During the Fall 2017 semester, WFNP: The Edge, SUNY New Paltz’s radio station, lost well over half their funding.
Every semester, each club on campus is required to submit a charter form to the Student Association (SA) to prove they still exist and operate on campus. These are required to be submitted prior to the given deadline each semester. Last semester, the deadline was Sept. 25.
WFNP failed to submit their club charter form online, and in turn, had to apply as a new club.
A new club on campus in their first semester has a maximum budget of $2,000 in expenditures. This is a far cry from the radio station’s previous budget of $36,388.
WFNP was forced to lay off their daytime DJs, who had their broadcasts streamed online, a function that they also had to get rid of due to the lack of funds. According to station manager Breanne Casucci, this meant that at least 25 members of WFNP were let go.
Casucci said she submitted the charter form prior to the SA’s deadline, but never received a confirmation email that acknowledged the paperwork was received.
Chair of the Council of Organizations Gianni Marcel said the SA never received WFNP’s charter before the deadline and that it was not in their online databases.
WFNP failed to send a representative to the second Council of Organizations meeting where Marcel announced that SA hadn’t received charter forms from a series of clubs, including them.
Council of Organizations meetings are held bi-weekly where all clubs are required to meet and matters involving club organization and funding are discussed.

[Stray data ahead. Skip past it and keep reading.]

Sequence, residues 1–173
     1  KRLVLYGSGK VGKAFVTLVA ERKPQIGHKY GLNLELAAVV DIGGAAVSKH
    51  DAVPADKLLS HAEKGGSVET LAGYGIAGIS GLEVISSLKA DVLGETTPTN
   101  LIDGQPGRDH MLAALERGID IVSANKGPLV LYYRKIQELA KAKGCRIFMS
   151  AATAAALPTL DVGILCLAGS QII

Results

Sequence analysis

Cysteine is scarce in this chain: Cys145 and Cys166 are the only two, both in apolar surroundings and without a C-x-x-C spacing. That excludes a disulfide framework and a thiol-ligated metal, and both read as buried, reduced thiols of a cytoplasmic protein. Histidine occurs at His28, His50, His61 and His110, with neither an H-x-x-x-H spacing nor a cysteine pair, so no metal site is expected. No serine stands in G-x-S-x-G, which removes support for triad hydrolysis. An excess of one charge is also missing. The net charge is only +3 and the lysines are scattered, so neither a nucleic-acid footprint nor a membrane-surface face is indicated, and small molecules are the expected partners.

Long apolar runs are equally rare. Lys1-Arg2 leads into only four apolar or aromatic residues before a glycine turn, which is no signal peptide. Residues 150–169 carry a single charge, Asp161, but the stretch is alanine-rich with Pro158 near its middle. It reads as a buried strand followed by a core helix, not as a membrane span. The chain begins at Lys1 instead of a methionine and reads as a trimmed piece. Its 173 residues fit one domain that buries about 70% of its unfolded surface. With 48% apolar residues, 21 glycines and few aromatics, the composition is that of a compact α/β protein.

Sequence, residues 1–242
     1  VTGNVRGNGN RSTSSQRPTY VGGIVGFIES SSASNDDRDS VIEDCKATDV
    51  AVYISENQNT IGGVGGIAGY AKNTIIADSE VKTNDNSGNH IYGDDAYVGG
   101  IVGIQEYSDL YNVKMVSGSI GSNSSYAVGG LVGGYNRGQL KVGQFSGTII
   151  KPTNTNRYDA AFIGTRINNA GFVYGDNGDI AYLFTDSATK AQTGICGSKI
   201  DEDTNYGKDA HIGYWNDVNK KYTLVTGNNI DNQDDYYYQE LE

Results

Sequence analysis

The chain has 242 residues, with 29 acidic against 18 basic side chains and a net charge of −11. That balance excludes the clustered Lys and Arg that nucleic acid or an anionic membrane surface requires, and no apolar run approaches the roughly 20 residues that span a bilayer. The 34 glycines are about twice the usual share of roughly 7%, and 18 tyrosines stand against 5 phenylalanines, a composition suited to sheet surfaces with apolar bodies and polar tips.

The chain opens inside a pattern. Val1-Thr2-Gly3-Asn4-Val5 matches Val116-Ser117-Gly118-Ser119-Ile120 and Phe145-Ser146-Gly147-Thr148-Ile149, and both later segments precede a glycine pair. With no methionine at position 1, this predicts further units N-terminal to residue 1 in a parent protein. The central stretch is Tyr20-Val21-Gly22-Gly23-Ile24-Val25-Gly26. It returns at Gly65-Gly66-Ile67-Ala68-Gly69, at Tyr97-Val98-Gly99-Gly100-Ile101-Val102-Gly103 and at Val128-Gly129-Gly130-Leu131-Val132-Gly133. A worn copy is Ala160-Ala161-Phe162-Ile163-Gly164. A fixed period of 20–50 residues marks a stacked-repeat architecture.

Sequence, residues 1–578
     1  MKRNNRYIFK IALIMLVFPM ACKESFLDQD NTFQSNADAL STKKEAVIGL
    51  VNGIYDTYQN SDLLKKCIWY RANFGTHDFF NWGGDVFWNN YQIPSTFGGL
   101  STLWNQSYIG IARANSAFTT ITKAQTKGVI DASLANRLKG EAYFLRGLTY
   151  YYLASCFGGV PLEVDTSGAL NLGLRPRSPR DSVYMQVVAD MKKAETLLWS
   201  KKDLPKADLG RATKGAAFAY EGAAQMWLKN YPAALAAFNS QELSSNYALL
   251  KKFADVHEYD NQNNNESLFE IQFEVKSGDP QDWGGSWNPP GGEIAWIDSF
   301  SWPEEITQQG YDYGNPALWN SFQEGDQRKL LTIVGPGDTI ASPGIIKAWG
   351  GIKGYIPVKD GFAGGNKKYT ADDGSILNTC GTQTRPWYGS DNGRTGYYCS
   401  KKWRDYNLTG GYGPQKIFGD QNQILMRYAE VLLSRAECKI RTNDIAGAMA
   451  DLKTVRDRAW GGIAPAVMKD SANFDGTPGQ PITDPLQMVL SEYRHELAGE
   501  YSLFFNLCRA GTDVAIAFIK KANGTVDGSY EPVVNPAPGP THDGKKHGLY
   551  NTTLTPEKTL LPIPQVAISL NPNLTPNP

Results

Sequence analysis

Because Casucci thought she submitted the form, she said she believed everything was in place. Though, Marcel said if the club was at the meeting, they would have heard her say a confirmation email would be sent out when the completed charters were received.
As the Sept. 25 deadline passed, WFNP was made aware that their budget was cut and were forced to charter as a new club.
Marcel said that she was new to the position and was not aware of how some clubs, especially in the media house, operate and how important they are.
“If I was aware of how important it was, I would have been more on top of them especially since their office is right next door to ours,” she said. “But I was training as I was doing the job, so I treated everyone equally.”
“A representative didn’t come from radio [to the Council of Organizations meeting] so that was in the back of my mind, because at that point, I had to worry about the new clubs and that’s a whole different procedure,” she continued. “I was also trying to get the problems fixed with the existing clubs that had problems chartering. Everything happened all at once.”
With only a $2,000 maximum budget as they were considered a new club, the radio station sought to recoup some of the money they had lost to keep the station afloat.
According to documents courtesy of the Student Association, they were able to receive $11,394 from SA to put towards their contractual obligations, an exception made by SA considering their importance to the community.
“We made a request in order to try and get some of the services back,” said Elkyn Orellana, the Interim Director at the Center of Student Media. “We did and what was given to us was the money to be able to continue broadcasting on the airwaves. We prioritized that over having an additional online stream, otherwise we would have had to take 88.7 FM down where we are licensed and if we went down, it would go against FCC violations. Streaming doesn’t affect that part at all.”